Special families, specialists

Parents, when you are told that research shows Family-Based Maudsley treatment "only works for a small number of patients" or "only small studies have been done," remember this: there is no research basis AT ALL for the alternatives. And that YOU are very likely "the small number" and "special" circumstances: a family willing to step up and stick it out.

If we wanted to be blunt we could, considering the dismal recovery rates, ask whether successful treatment only works for a "small number of clinicians."


  1. it's wonderful that there's a treatment that seems to work. still, i can't imagine my mother planning my meals (the first stage of treatment for anorexics.) she was the one who restricted me in the first place -- heck, i'd probably lose weight in that phase. i'm sure therapists work with the families. that was just the first thought that went through my mind. hooray for help!

  2. Seems that the warnings "do not try this at home" abound everywhere. They under estimate us when they ought to be applauding such attempts and offering to support anyone willing to get their hands dirty. I happen to believe that even "bad" parents or those who made mistakes, possibly your mom Melissa, are TEACHABLE.I am sure of this. Parents are often the ones to walk through fire if it's what gets their kids back.
    Are the medical teams teachable? Are they willing to bend if it means helping some get back to health in a timely manner? Perhaps not soon enough which is why I am so thankful you built a forum Laura.

  3. Too true, Mary. We all arrive at Eating Disorder World with different skills and weaknesses. Ignoring the weaknesses won't help - we need to build the skills and support from what exists.

    Too often, the family is just cut out of the picture - but that just leaves the patient even worse off than before.

    We're "teachable!"

  4. Melissa,

    I never would have imagined my mom plating my food, either! But she did and she helped me recover.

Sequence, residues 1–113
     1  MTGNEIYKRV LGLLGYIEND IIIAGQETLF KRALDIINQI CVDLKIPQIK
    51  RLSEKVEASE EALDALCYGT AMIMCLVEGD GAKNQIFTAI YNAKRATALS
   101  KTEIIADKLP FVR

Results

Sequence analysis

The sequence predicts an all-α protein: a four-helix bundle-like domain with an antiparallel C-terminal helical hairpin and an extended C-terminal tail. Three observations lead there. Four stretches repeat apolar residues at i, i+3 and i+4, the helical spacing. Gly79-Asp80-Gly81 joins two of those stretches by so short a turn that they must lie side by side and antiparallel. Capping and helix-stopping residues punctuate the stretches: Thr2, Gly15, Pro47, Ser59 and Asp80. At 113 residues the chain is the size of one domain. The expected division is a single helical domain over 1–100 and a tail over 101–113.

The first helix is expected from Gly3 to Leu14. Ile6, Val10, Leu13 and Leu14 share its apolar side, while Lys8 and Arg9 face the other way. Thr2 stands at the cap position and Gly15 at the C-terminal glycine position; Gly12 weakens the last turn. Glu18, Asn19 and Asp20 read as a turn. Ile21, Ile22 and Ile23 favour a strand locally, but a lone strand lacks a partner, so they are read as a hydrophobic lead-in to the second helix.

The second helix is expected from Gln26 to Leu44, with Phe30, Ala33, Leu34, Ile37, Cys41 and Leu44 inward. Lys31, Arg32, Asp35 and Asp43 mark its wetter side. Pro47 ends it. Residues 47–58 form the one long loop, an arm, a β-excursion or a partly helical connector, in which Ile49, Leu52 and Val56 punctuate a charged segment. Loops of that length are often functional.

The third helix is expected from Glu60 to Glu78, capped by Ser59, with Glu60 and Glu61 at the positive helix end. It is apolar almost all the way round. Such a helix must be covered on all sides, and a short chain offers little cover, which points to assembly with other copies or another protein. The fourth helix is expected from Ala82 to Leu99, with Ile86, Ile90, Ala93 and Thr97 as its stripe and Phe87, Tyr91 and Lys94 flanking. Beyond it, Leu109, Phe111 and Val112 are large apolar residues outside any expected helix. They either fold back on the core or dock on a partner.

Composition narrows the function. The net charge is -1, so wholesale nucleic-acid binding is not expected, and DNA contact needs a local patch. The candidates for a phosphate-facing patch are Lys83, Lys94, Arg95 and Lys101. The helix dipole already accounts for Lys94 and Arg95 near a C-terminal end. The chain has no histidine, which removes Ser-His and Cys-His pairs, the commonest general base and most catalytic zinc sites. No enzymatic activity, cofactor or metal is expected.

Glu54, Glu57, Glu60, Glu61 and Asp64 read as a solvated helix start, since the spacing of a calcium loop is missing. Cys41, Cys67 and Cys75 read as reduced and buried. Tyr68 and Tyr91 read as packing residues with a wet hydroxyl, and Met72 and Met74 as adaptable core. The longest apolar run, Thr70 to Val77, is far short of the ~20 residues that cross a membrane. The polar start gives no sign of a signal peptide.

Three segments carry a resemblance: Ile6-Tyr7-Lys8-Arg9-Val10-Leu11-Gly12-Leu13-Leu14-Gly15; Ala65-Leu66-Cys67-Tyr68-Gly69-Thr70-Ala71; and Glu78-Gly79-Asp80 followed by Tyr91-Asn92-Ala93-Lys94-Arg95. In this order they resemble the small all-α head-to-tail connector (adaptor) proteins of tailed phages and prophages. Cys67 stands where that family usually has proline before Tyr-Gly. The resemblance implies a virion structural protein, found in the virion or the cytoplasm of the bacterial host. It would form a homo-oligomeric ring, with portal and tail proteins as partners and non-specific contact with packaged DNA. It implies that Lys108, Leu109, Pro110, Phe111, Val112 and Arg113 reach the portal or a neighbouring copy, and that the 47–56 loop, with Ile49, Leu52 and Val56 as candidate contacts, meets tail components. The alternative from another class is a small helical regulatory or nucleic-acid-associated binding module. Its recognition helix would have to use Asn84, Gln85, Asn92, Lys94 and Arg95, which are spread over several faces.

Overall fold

I'm sorry your mom restricted your food- that's (obviously) neither healthy nor helpful. But the right sort of treatment would have helped her help you the best she could. And perhaps helped her address her underlying eating/weight issues.


    Oh, would I have loved to say that to some clinicians! I only called one clinician stupid to his face, though he did deserve it. ;)

  5. My understanding is that the clinical trials at the Maudsley hospital in London were done on families randomly selected, not on ones considered special. These average families had a high rate of success.
    By the way, Drs. Lock and le Grange will lead a 2-day workshop on manualized, family-based treatment for adolescent anorexia and bulimia on February 27--28, 2009, at Stanford University. Contact judybreen@stanford.edu for information.

  6. My daughter is a recovering anorexic. While inpatient, we as a family learned the Maudsley approach. It is a wonderful technique and although she has relapsed a couple of times (this is normal unfortunately) having the skills that we learned, we were able to get her back on track. Is she cured? No...... she is not. But, we as a family have learned how to deal with her ED, how to cope as a family and how to find that silver lining around this HUGE cloud.

  7. Anon,

    What a fantastic point! I would like to see the initial selection criteria for the study, although "is your family special?" was probably not one of the questions.

  8. i would love to know the techniques they use to get parents to understand and to help in...well, helpful ways.


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